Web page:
|Building Style||Single Building|
|Peak Patient Population||5|
The Elm Croft Sanitarium was opened in 1888 by Dr. Edwin Smith Vail. The facility was moved to a new location on Enfield Street in Enfield, Connecticut two years later in 1980. The sanitarium treated persons suffering from nervous diseases.
In a 1916 description, Elm Croft was described as having the appearance of a "home, rather than of a hospital or institution." In a Connecticut Public Welfare Council Report from 1900, the facility was noted to be a small, private residence housed in a three story brick building. The sanitarium housed no more than five patients at once time, and each had a large room which were "handsomely appointed." The building was situated on fifty acres of "shady lawns, fruit orchards, meadow and woodland."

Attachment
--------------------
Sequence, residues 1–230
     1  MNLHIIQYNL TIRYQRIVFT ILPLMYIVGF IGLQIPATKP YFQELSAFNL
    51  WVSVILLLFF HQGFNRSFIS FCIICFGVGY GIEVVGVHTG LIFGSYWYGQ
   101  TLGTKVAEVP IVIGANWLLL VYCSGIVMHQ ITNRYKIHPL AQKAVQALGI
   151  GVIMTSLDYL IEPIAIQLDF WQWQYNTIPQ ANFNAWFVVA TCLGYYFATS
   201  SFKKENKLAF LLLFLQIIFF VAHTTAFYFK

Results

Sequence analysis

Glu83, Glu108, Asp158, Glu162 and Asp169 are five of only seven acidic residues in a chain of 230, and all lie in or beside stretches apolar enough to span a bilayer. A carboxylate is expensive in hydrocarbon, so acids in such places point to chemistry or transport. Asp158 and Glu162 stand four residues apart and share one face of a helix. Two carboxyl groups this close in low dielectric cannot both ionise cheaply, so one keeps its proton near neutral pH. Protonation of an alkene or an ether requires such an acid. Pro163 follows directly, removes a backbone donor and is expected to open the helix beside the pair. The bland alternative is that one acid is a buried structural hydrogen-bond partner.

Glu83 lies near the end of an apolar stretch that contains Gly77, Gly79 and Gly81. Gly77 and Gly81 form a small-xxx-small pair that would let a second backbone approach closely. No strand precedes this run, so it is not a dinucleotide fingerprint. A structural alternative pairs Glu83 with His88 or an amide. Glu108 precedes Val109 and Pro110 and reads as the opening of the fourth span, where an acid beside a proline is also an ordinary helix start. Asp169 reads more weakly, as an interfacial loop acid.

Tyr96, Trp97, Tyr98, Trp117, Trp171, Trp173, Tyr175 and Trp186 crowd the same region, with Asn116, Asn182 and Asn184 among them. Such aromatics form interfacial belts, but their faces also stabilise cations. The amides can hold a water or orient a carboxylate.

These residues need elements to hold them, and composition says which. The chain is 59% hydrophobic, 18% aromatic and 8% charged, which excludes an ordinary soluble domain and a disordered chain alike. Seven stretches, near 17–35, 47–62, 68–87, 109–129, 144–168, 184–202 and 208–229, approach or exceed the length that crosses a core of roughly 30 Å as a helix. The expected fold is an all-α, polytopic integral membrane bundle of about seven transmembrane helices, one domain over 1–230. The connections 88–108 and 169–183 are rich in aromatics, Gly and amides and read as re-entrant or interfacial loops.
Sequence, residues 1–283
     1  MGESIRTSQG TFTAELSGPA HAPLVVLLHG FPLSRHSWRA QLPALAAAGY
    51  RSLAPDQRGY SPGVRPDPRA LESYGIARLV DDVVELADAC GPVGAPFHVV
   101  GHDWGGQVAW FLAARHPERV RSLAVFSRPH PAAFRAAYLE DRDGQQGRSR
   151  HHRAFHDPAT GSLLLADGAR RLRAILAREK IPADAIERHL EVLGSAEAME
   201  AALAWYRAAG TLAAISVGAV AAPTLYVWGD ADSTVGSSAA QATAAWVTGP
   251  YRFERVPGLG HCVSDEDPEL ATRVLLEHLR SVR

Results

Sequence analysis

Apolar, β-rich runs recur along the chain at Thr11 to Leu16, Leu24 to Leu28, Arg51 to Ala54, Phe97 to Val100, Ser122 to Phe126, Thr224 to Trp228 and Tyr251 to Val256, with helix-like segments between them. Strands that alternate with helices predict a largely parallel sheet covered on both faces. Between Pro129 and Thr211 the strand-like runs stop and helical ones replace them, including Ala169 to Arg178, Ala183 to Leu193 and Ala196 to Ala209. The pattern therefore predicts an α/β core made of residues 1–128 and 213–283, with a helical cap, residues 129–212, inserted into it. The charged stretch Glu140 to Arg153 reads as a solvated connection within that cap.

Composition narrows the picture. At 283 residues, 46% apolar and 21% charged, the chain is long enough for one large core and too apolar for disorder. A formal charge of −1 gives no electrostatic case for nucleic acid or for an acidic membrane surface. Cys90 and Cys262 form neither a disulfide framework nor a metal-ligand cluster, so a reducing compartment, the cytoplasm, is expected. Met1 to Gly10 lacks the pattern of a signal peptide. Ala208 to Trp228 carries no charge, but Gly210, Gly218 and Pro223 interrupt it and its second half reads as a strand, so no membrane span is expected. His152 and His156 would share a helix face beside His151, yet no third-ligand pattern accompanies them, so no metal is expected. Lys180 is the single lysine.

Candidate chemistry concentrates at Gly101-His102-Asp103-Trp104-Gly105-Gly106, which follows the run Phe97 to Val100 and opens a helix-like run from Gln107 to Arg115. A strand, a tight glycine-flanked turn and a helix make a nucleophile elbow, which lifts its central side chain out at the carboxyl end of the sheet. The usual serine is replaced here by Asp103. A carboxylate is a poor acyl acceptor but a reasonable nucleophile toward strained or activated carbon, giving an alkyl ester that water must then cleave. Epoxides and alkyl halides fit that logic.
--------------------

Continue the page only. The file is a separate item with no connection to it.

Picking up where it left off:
A 1916 report described the sanitarium at Elm Croft in detail, noting "the houses are of modern design heated by steam and lighted by electricity. They have open fireplaces and hardwood finish. There are 50 acres of grounds, and the farm furnishes cream, milk, butter, eggs, vegetables, etc. for the institution.
Dr. E.S. Vail is now assisted by his son, Dr. T.E. Vail, both of whom reside on the grounds of the institution."
- Annual Reports of the Board of Charities to the Governor for the Years of 1899 and 1900. Satate of Connecticut Public Document No. 28. Page 98-99. Accessed Digitally November 21st 2013.
- Hurd, Henry M., William F. Drewry, Richard Dewey, Chalres W. Pilgrim, G. Alder Blumer and T.J.W. Burgess. The Institutional Care of the Insane in the United States and Canada. Vol. II. Baltimore, MD: The John Hopkins Press, 1916.